Every year, Americans celebrate 311 Commemorative Months named for subjects ranging from the serious such as Sickle Cell Awareness to the less so like Better Breakfasts, both happening as you read this.
Virtually every one of these celebrations begins on the first day of the month and runs for the next four weeks. The single exception is National Hispanic Heritage Month which starts right smack in the middle on September 15. How come? Because this one began as one special week named by Lyndon B. Johnson in 1968. Twenty years later, Ronald Reagan expanded it to a whole month but kept the starting date perhaps to coincide with the 9/15 Independence Day celebrations in Costa Rica, El Salvador, Guatemala, Honduras, and Nicaragua, followed one day later by Mexico and three days after that by Chile.
But that’s political. What matters more to most nutritionists is the diet, not the day. As the reliable WebMd explains, you can learn a lot from what people eat in those seven countries. Think chili, black bean stew, and all the other bean-and-grain dishes whose complementary proteins stand in for red meat while their high fiber moves things along and helps to maintain a healthful weight.
One three-year Centers for Disease Control and Prevention study found that people on bean-based diets often weigh an average seven pounds less than those feasting on red meat even when the former’s daily calorie count comes in 199 calories higher than the latter’s.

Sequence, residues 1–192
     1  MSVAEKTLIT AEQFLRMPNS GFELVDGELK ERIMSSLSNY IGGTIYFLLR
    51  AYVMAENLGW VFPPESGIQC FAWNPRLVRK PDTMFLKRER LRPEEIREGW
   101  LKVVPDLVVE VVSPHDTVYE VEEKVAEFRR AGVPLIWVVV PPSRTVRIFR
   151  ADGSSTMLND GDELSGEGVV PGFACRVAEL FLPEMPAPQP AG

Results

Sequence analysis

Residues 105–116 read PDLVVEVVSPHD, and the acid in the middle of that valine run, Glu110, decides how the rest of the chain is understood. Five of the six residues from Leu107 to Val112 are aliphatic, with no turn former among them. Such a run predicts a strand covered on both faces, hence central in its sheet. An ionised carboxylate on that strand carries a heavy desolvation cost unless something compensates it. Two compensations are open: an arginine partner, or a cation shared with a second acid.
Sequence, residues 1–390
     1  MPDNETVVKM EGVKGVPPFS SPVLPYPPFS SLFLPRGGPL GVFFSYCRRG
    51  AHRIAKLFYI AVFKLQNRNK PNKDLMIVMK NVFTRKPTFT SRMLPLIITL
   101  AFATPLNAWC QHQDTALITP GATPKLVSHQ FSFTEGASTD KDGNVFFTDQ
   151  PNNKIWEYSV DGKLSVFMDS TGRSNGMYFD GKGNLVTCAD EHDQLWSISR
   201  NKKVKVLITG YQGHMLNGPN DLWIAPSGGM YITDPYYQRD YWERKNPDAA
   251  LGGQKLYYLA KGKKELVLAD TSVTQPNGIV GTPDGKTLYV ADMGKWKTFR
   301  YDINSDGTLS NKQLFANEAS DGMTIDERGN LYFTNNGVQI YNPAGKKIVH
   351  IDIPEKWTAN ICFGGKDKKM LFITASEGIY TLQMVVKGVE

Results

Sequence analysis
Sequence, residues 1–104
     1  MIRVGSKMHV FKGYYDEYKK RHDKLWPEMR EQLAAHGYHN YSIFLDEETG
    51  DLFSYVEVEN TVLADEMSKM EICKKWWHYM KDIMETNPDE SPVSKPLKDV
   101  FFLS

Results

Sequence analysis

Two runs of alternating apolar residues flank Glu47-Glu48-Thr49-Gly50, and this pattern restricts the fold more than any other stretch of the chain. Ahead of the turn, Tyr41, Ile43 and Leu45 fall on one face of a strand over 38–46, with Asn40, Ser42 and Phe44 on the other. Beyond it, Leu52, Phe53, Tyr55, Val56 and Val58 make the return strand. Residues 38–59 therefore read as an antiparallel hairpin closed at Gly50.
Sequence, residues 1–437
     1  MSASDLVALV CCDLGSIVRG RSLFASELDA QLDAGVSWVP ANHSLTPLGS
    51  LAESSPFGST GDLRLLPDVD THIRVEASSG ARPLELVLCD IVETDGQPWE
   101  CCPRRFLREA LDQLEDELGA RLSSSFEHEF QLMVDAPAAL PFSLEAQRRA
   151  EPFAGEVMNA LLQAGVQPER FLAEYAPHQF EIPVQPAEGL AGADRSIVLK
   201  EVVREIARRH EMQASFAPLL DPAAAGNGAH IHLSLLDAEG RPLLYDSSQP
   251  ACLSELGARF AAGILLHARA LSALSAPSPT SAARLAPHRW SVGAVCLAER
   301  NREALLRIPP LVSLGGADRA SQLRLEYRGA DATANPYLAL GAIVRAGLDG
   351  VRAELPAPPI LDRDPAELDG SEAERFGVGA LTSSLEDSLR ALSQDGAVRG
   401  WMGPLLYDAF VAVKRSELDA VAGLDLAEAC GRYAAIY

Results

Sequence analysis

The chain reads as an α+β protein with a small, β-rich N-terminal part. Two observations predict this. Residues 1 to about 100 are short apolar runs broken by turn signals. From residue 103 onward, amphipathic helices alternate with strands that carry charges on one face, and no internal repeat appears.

Of course, beans and grains aren’t the only plant foods Latin cuisine embraces.
A recent consumer research report notes that the average American dinner now serves fewer than three items, “one of them a beverage” which is definitely not one of the five daily servings of veggies and fruit USDA recommends. The good news is that the U.S. Department of Agriculture’s Center for Nutrition Policy and Promotion shows Latin cuisine as a workaround whose popular one-dish meals from tortillas on up the culinary ladder are likely to include an entire rainbow of veggies from white onions to green peppers and red tomatoes and more. And Harvard Heart Letter editors Julie Corliss and Christopher P. Cannon write that when Latin meals do include foods from animals they generally substitute fish and other seafood for higher fat and cholesterol red meats, often with more plants in the mix. One tasty example is the universally popular sweet and spicy chicken mole poblano (“village sauce”) which delivers iron-rich chocolate, chili peppers, and the cook’s choice of spices including antioxidant cinnamon.
Finally, how you eat what’s on the plate also counts. Latin diners appear to approach dining in a more leisurely manner than the rest of us. According to Liz Mintz, the Latino Nutrition Coalition Manager at Boston’s Oldways Preservation and Exchange Trust, they’re unlikely to eat on the run, at the computer, or in the car, thus avoiding the kind of semi-conscious consumption that often leads to eating more than you meant to and may explain that extra seven pounds. Best of all, Latin dinners are more often family affairs where conversation works to slow consumption and enrich family bonds.
In short, buen apetito.
With every single bite.